A couple of years ago, if you were involved with mapping and map-relevant data, everything — vendor products, titles, industry events, etc. — fell under the umbrella of the GIS (Geographic Information System) term. To be a part of the GIS cadre was to be in a small, select group of people who understood what they were trying to do and knew how to use the few tools available to get the job done. In many organizations, the GIS folks were part of IT, but they were more of a rogue unit that was little known outside of their group. Only a handful of business users knew about the GIS people, and almost no consumers did. GIS was highly technical, and as a result, highly inaccessible and not well known or widely used.
Mapping solutions are everywhere
Fast forward to today, where the integration of data and digital maps is commonplace. Consumers are familiar with GPS system from a variety of vendors like Garmin and TomTom, bought as part of cars or as aftermarket accessories. They are comfortable with the various free mapping services, from Google Maps and Live Maps from Microsoft to the more robust, but still free, Google Earth and Microsoft Virtual Earth services. Many have plotted house prices on top of maps, not knowing or caring about the technology — such as the underlying map APIs — that make it increasingly simple to create what once would have been a complex application.
In the business and government arena, a similar explosion in mapping services and applications has made it common to see data overlayed on top of maps. Once the province of petroleum companies, government institutions like the USGS, and private organizations like the National Geographic Society, the use of data-enhanced digital maps has taken off. For example, sales teams using salesforce.com overly their clients and prospects on maps to analyze the pipeline and understand sales territories. Consumer products companies rely on maps with consumer behavior data to plot new product launches. News organizations combine news content and maps to understand hot spots in the world.
All of these recent trends have been largely driven by many technical people and organizations that never received their GIS membership card. They simply took advantage of emerging standards and public APIs, like OpenLayers and Google Map hooks, and created new services that would have once been labeled GIS, but today fall under a variety of names — mostly about what they are providing, not what they are.
A new GIS term needed
The result is that the term GIS has become irrelevant. It is effectively dead — killed by lack of use and applicability by today’s map and data creators and users. In the technology world, we have seen the need to move on from terms — even though their core concept is growing in relevance — simply because the old terms was weighed down by the negatives of past technology initiatives. Examples of terms that needed to be and were put to rest in the tech industry include:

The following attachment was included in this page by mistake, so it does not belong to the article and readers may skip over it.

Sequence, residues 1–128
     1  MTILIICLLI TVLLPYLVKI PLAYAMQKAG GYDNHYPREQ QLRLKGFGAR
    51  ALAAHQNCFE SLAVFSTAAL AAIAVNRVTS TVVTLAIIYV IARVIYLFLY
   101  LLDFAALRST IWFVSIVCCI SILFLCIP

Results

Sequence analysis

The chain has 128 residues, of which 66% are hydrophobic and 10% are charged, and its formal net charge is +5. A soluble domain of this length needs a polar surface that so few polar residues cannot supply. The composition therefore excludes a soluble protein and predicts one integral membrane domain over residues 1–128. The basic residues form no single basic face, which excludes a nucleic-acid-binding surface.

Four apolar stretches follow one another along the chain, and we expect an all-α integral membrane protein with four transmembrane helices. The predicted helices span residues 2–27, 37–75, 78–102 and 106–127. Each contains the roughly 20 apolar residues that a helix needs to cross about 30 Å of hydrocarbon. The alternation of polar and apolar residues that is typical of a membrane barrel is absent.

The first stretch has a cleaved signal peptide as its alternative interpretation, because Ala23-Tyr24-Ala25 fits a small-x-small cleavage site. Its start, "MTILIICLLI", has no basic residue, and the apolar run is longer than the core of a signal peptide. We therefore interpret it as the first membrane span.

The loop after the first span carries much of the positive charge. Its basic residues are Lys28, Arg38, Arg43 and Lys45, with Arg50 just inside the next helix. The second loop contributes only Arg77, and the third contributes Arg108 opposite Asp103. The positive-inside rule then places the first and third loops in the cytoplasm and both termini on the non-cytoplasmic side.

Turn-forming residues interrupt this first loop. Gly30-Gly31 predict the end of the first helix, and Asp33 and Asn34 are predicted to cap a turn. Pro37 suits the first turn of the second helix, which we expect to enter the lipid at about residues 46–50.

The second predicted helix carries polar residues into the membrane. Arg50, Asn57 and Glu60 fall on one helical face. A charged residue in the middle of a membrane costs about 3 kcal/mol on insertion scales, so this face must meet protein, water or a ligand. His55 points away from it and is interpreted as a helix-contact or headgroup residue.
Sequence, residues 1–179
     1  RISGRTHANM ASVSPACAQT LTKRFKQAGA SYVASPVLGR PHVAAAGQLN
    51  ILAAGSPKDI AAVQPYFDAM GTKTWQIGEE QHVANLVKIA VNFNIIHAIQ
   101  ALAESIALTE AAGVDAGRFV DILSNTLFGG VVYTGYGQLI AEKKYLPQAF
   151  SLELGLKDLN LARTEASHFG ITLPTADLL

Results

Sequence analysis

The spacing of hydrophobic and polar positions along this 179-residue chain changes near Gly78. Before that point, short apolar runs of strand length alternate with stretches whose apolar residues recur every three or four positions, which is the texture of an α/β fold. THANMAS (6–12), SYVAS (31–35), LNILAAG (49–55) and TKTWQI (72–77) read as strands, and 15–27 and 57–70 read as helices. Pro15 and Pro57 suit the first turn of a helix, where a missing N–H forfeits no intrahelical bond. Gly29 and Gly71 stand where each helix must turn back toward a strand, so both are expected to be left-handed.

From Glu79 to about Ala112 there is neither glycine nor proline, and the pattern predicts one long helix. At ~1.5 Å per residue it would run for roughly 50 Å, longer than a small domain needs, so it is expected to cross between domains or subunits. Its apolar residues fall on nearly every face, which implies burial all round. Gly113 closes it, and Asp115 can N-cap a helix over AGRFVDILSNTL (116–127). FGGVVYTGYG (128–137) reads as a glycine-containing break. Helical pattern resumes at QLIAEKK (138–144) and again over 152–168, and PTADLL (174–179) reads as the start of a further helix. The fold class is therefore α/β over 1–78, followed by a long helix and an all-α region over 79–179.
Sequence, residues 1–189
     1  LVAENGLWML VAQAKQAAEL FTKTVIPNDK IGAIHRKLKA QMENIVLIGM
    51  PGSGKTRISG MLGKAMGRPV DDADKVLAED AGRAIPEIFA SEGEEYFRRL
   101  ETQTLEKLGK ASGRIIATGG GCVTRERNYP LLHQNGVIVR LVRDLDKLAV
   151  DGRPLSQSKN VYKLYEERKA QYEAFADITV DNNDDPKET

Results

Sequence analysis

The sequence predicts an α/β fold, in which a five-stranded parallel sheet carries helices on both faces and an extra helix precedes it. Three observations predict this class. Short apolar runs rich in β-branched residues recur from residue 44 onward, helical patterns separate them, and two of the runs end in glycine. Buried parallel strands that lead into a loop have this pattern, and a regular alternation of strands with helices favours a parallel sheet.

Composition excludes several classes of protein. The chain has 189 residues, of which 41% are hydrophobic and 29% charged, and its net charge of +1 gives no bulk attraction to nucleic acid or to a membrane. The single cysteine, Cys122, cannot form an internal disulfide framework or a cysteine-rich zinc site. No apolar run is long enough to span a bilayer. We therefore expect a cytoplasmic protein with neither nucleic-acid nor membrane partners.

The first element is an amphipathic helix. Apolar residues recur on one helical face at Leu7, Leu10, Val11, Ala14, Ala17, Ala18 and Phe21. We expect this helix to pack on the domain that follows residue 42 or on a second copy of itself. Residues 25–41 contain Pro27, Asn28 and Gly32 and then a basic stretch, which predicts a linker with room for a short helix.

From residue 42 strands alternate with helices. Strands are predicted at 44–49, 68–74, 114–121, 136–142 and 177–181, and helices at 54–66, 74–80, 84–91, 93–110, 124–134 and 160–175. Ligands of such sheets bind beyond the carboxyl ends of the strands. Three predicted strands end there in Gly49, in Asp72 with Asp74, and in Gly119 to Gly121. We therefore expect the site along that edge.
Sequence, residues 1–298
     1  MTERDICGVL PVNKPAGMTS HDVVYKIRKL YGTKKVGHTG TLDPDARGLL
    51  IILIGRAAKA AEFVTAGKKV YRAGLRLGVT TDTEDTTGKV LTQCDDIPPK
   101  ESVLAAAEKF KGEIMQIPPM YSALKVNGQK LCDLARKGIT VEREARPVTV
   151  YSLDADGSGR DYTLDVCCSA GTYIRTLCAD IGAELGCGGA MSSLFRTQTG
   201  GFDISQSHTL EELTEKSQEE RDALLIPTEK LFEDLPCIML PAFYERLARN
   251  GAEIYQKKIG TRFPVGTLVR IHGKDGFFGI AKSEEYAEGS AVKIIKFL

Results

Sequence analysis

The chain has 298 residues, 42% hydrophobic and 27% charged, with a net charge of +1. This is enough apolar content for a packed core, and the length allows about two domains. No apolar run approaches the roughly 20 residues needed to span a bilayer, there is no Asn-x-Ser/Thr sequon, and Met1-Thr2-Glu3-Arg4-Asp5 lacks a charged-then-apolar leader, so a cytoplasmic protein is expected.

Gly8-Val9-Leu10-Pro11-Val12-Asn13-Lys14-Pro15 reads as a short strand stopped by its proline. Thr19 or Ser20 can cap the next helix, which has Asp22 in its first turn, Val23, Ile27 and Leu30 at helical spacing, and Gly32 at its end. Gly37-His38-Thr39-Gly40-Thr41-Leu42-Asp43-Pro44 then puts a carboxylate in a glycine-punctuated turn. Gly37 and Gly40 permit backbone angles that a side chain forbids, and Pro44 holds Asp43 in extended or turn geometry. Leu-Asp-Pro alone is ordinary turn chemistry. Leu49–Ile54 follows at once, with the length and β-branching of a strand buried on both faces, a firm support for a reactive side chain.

- MIS. MIS, or Management Information Systems, was the typical name for the technology department of organizations before the PC became dominant. The term battled out with IS, or Information Systems, but has now been almost universally replaced by the high-level, generic term, IT (Information Technology). IT is not about mainframes and min-computers, the main systems in the MIS-era. It is about distributed computing, PCs, LANs/WANs, and other modern technology. MIS just didn’t fit the bill anymore, and was rightfully abandoned.
- EAI. Enterprise Application Integration, or EAI, is a term that fell out of favor over the past few years as Web services and service oriented architecture (SOA) took the industry by storm. To most customers, EAI came to embody expensive software, long-term or never-ending deployments, and proprietary integration technology that ratcheted up the price of the system. While organizations still need to buy integration solutions, no one wants to buy “EAI solutions” anymore, and no vendor wants to pitch its products as such, given the nomenclature baggage. The concept lives on, but the term is dead.
So the term GIS, like MIS and EAI, needs to be put out to pasture. The good news of for those who promoted GIS for so many years was that the concept didn’t die. The concept is more relevant than ever. But the solutions have evolved into something that became standards based, was more widely used, and had a much larger impact — all positive changes. GIS-name proponents may lament the passing of the term, but they should revel in the fact that the combination of geography and data is booming, and that geography-based solutions are now mainstream.
Now, for the real question. What will replace GIS?